WASHINGTON — The next time a Wall Street giant is teetering on failure federal regulators will be more likely to close it, Goldman Sachs chief executive Lloyd Blankfein said Thursday.

"There would be an orderly liquidation, emphasis on orderly," Blankfein said when asked what he thought regulators would do if his bank were on the brink of failure.

During a wide-ranging question-and-answer session hosted by Politico, Blankfein backed Federal Deposit Insurance Corp. efforts — mandated under the Dodd-Frank Act — to build a regime for smooth and orderly closures of big firms. But he criticized other potential moves by policymakers, including a ban on banks' proprietary trading, and he downplayed the continued debate over whether large banks have unfair funding advantages over small ones.

The FDIC, echoing ideas discussed in other countries, has embraced a resolution model of creating a bridge entity to hold the subsidiary of a failed parent, with some creditors having the option of converting debt into equity.

"My guess is there would be some extension of liquidity as the equity and part or all of the debt were being wiped out," Blankfein said. "Now if you were an investor in our company, you would consider that a failure. But it would be kept liquid long enough so people who owe contracts to and from it would be able to get out on an orderly basis."

Blankfein said Washington's appetite for bailouts is long gone.

"Anybody who thinks there is political will to rescue failing financial institutions are not reading the same papers I'm reading, and certainly aren't getting the same stimulus that I'm getting on the regulatory side or my connection with the political body," he said.

He added that if the largest institutions have a funding advantage over community banks — a central charge by big-bank critics — that is due to the structure and management of the firm, not investors' view that it will be bailed out in the event of a crisis.

"There are advantages for big companies in an industry versus small companies in an industry. In any industry big companies that are big, diverse, very well capitalized, are operating in different regions with different products, are safer credits and generally fund at a lower price than smaller companies in that industry, whether that's chemicals, oil or finance," Blankfein said.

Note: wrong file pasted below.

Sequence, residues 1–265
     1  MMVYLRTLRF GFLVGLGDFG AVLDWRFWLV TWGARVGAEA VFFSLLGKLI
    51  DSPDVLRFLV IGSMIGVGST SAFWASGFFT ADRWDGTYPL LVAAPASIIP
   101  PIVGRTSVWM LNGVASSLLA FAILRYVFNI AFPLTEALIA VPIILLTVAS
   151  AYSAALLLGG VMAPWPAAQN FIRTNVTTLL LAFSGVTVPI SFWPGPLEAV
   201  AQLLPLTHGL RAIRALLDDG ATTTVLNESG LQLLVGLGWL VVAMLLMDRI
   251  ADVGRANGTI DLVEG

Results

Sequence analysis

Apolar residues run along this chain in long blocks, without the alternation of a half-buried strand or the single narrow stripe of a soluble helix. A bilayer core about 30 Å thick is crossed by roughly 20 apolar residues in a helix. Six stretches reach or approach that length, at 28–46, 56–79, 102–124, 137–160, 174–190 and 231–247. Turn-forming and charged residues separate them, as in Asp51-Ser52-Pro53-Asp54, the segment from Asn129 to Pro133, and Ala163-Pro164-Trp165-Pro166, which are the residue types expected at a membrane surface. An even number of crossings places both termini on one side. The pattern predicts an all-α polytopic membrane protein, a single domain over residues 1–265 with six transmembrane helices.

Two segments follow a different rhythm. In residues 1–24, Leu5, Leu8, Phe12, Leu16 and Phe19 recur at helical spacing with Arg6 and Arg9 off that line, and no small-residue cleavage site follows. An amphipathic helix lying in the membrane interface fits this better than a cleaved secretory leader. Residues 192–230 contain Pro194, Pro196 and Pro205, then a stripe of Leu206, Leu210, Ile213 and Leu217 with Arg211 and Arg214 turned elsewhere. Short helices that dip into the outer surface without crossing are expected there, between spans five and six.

He also praised other regulatory changes coming out of Dodd-Frank, including heightened industry stress tests, higher capital requirements, increased transparency and the greater use of clearinghouses.

"Some things I applaud and would lobby for if it wasn't otherwise there," Blankfein said.

But the executive was less complimentary of regulators' proposal for implementing the Volcker rule, a provision in Dodd-Frank named for former Federal Reserve Board Chairman Paul Volcker that would ban banks from proprietary trading. The regulatory agencies have struggled to finalize the rule after receiving more than 18,000 comment letters on their proposal.

Blankfein said the pending rule, which would continue to allow certain trades focused on market-making, is still too restrictive.

"The second" that trading "crosses over from making markets to trying to exploit the value of the position, it's now a bad thing," he said, calling such provisions "bad" for markets.

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